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6 Common Scams

6 Common Scams

Most of the time, poorly formed scams are easy to spot. However, there could be times when you second guess your intuition and follow through with the scammer's requests, which ends in a disaster. Never assume a scam won't happen to you; scammers are becoming increasingly clever. 

The quickest way to spot a scam is how they prefer to collect payment. Gift cards are becoming the preferred payment method. It is a scam if they ask for payments through gift cards. Gift cards are gifts, not payments. They will ask for payment in popular gift cards such as Target, Walmart, Apple®, iTunes®, or Google Play™.

Quick note: Only use money transfer services (such as Venmo, Apple Pay®, Google Pay™, and Zelle®) with people you know and trust. Scammers are starting to favor these money transfer apps as well.

Common scams to watch for:

person of authority

Person of Authority Scam

A scammer will pretend to be someone with authority, such as the IRS, a bank, an energy company, or even the government. They will contact you and demand money and jail time if you refuse. They prey on fear and try to use their fake authority to pressure you. When contacted, ask for a name, a phone number, and the reference number. Tell them you will call back to verify; legitimate officials won't mind. Don't call the given number. Instead, look up the actual phone number from an official source such as account statements or official websites. Government websites frequently use .gov web addresses. Banks are starting to use .bank web addresses. Such as www.slvfed.bank

imposter

Imposter Scams

A scammer will pretend to be someone you know and need financial help. They may create a fake story of traveling and getting stuck in a country. They may say they are traveling in Europe, their luggage was stolen, and they need money to get back home. These scammers may have access to your family or friends' email or social media accounts. Ask questions that only the actual person would know the answer to (such as where did we first meet?) or find another way to contact and verify that it is them.

computer scams

Computer Scams

Scammers often use a combination of Imposter and Person of Authority scams to trick you into clicking a harmful attachment or Internet links. There are several types of computer scams, but you need to be aware of the following two: 

  • Ransomware: is malicious software, or malware, that prevents a user from accessing computer files, systems, or networks and demands that a ransom is paid to regain access. The harmful software is installed on your computer without your knowledge, usually from clicking email attachments, email links, or other Internet links or ads.

  • Phishing: scammers will message you through an email or text and trick you into giving up your personal information, such as Social Security numbers, account numbers, usernames, and passwords. Phishing messages look like they come from companies or people you know or trust, such as a friend, family member, a bank, or a popular shopping company. They often tell you there is suspicious activity or a problem on your account, and you need to click a link to solve it. 

The best way to protect yourself is to slow down and think before you click. Scrutinize each message and look for irregularities such as strange usage of English or cleverly misspelled business names. Delete strange messages from strangers, and scrutinize strange emails from people you know. It's okay to delete these too! Your second line of defense is always keeping your computer, smartphone, and antivirus up-to-date. Make sure the antivirus software regularly runs.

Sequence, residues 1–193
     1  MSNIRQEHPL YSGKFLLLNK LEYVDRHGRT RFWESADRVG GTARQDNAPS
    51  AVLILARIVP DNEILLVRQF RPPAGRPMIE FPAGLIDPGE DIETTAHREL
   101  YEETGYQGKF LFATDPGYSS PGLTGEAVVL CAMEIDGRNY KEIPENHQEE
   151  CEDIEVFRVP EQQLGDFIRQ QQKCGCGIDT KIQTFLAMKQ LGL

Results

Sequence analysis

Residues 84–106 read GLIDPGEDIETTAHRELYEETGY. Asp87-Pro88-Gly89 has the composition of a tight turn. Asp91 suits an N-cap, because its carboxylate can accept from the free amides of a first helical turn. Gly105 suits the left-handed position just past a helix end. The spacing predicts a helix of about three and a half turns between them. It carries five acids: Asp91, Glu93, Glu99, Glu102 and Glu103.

too good to be true

Too Good to be True Scam

Did you randomly win a lotto? Are you selling something on the Internet and getting paid too much? Did a rich extended family member pass away? Be skeptical and suspicious. These scams make it sound like your luck just changed. You'll often need to pay a "small" fee (such as an exchange rate) to get the money. The scammer will collect the fee and never send you the original money. If it sounds too good to be true, it is! Take time to think it over.

time scam

Time-Sensitive Decision Scam

The clock is ticking! You must act now before this amazing once-in-a-lifetime deal is gone! Stop, think it through—cons like these prey on your fear of missing out. Scammers will use high-pressure tactics to make you act without thinking.

romance

Trust or Romance Scam

Scammers will establish a long-distance relationship (romantic or friendship) and ask to meet up, but it never happens. They frequently ask for money to cover supposed unexpected expenses. Be cautious with the personal information you post on social media and online. Scammers will use this information to befriend you.

Before you act on any request, always stop and think it over. If you are unsure, talk to someone you trust before taking action. A decision rarely has to be made immediately. Remember, you may also report the scams to the authorities to potentially stop this scam from happening to someone else. Call your local police, or submit the fraud or scam to one of the following government agencies:

Federal Bureau of Investigation   Internet Crime Complaint Center   Federal Trade Commission

Check out this video Why Report Fraud? from the Federal Trade Commission.

Remember we are here to help you with your banking needs.
Janelle Gaither

 

Janelle Gaither

Member Service Representative

West Alamosa Office

3415 Mariposa Street

Marcus Shawcroft

 

Marcus Shawcroft

Member Service Representative

Main Alamosa Office

401 Edison Ave.

Jason Duran

 

Jason Duran

Electronic Banking Assistant

Main Alamosa Office

401 Edison Ave.

Rory Gallegos

 

Rory Gallegos

Electronic Banking Supervisor

Main Alamosa Office

401 Edison Ave.

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